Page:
Shanghai’s iconic Paramount Dance Hall reopens to the public tomorrow after a three-year overhaul. Shanghai Daily interviewed Ma Jun, senior researcher at the Shanghai Academy of Social Sciences and an expert on the Paramount, about the myths surrounding the dance hall and what it means for today’s Shanghai. Ma is also the author of three books pertinent to the Paramount.
Q: The Paramount was an iconic dance hall in pre-1949 Shanghai. But it actually started as both a hotel and a ballroom. Why was the Paramount as a hotel not as famous?
Ma Jun: Although the Paramount was first registered as a hotel, it was actually a second- or third-rate hotel. Its suites and rooms were exquisitely decorated, but there were only 25 of them in all. The limited scale of its operation paled in comparison to more established competitors like the Cathay Hotel (Today’s Peace Hotel).
Although a few celebrities preferred to stay at the Paramount whenever they visited Shanghai, most notably the deceased Hong Kong actress Chan Wan-Seung, the Paramount hotel business did not flourish.
Q: What role did the Paramount play in the history of old Shanghai’s nightlife and mass entertainment?
Ma Jun: To begin with, Shanghai before the 1940s was the largest city in the Far East, far eclipsing Tokyo and Hong Kong then in opulence. Entertainment was one of the city’s most important businesses and dance halls were one of the two pillars of entertainment, the other being cinema.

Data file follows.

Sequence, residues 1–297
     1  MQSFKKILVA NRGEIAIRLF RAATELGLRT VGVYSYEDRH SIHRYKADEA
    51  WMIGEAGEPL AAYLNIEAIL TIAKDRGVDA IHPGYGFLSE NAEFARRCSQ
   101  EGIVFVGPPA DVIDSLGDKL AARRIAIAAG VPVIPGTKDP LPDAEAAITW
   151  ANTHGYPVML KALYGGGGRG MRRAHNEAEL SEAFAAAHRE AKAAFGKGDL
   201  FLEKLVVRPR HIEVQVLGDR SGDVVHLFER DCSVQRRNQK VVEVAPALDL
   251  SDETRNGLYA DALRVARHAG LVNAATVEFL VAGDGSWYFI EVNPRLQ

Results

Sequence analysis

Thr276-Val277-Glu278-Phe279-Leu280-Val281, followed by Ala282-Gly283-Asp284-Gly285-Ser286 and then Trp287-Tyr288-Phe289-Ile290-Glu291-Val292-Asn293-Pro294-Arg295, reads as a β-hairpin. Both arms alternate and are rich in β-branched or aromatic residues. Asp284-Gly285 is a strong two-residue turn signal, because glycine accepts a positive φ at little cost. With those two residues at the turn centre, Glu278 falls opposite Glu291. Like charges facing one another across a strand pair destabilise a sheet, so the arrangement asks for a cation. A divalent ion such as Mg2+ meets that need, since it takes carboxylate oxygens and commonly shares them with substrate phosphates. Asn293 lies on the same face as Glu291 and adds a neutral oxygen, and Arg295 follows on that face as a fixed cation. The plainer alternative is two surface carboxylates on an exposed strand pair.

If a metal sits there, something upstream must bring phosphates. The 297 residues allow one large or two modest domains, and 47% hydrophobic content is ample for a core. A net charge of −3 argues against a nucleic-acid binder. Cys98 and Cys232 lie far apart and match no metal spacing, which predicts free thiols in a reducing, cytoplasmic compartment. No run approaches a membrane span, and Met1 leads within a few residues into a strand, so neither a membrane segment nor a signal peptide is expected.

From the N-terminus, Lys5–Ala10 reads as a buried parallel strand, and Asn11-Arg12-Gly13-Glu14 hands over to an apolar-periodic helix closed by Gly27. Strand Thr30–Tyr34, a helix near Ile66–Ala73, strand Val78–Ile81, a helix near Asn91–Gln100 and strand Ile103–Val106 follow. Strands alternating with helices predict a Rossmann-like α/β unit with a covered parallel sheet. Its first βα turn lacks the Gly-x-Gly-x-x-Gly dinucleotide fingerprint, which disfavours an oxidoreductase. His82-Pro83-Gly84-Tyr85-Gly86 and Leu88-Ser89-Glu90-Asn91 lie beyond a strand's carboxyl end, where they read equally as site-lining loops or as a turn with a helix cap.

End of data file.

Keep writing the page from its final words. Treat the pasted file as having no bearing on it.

At that time, the Paramount was the leading dance hall, along with the Ciro’s Dancing Palace, the Lido Garden Ballroom, and the Metropole Garden & Ballroom (Together known as the Big Four). The Paramount stood out among them for several reasons.
One, it was the first Chinese-run dance hall that opened to Chinese. Before that, high-end clubs and entertainment establishments were mostly foreign-owned and off limits to Chinese.
Second, the Paramount was furnished with the finest materials and amenities. Its floorboards, kitchenware, toilets, pipes and carpets were the finest even by world standards. Besides, there was a copious variety of entertainment on offer, to say the least, which attracted a lot of curious customers. Of course, the Paramount is legendary also because it was graced by the presence of many dignitaries.